A Brief History of Ceviche
In the global culinary scene, no dish can be more fashionable than Ceviche. Widely enjoyed across the western hemisphere, Ceviche is the flagship dish of Peruvian cuisine. This traditional raw fish recipe has made its way into various cookbooks, magazines, culinary shows worldwide thus establishing, along other recipes, the glorious reputation Peruvian cuisine always deserved.
It is undeniable that in order to enjoy Ceviche as we know it, we assimilated various influences. But in truth, Peruvians have been eating ceviche for almost 2,000 years.
Scroll down for our favorite 18 varieties of Ceviche
Ceviche: The Aphrodisiac of the MocheImage Source: Toto Viajero
Ceviche was first eaten by the Moche. This ancient culture thrived in the coastal regions of La Libertad, Northern Peru. The Moche were epicureans who indulged in sensual pleasures (as their erotic vases assert) and ate raw fish as an aphrodisiac. After fishing on Caballito de Totora, the Moche macerated the catch with the juice of Banana Passion Fruit (Tumbo). More than a recipe, this was a technique to preserve the fish. Since Tumbo juice was not as acidic, the maceration could take days.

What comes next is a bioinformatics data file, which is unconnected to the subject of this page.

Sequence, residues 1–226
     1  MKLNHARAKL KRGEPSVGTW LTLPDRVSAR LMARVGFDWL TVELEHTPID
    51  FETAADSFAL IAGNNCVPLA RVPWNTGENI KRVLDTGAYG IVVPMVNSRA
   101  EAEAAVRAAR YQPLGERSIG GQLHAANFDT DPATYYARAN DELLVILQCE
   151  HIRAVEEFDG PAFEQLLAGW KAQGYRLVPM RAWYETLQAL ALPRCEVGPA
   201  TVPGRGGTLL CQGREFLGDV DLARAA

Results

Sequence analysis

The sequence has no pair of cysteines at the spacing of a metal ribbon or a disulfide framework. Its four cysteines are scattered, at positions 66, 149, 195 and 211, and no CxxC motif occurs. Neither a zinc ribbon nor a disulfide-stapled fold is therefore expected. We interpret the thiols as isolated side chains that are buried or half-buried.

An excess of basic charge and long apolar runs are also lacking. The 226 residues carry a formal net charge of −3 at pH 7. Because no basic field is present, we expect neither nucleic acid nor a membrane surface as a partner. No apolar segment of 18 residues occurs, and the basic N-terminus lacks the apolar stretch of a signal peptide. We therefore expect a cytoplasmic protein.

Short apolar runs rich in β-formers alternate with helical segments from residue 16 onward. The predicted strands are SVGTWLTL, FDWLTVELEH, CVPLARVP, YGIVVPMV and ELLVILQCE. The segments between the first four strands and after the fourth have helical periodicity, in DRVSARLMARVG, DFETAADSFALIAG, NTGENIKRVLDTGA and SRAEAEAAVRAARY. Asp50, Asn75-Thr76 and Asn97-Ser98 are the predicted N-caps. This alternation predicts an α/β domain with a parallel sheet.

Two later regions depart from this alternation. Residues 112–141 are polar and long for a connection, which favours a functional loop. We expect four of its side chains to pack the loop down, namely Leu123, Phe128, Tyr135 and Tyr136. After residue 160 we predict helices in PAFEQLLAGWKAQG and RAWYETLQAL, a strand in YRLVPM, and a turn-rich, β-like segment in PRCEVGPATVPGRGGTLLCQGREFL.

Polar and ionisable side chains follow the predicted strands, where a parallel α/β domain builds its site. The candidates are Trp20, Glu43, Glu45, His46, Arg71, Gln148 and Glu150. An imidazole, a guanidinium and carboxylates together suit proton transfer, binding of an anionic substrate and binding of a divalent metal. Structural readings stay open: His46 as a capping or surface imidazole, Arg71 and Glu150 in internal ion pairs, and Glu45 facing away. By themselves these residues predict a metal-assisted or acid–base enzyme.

Centuries later, the Incas adopted the Moche tradition of eating raw fish. Instead of Tumbo juice, Incas preferred to macerate their fish with Chicha, a fermented corn beverage. Chicha’s alcohol content enhanced the fish flavor. In Northern regions, Aji (chili pepper) was also added to the mix. Incas dubbed this dish Siwichi, “fresh fish” in Quechua. Such is one of the many theories trying to explain Ceviche’s etymology.Image Source: Into the Void
Inca Theory: Siwichi: “Fresh Fish” in Quechua.
Moorish Theory: Sebech or Sei-Beach: “Sour food” in Moorish Arabic
Spanish Theory: Cebeche: comes from Escabeche, an old Spanish vinegary dish.
English Theory: Sea Beach: a dish made of raw fish and lemon juice, which English seamen ate.
Modern theory: Cebiche: it comes from “Cebo”, a colonial term used for “food” or “delicacy”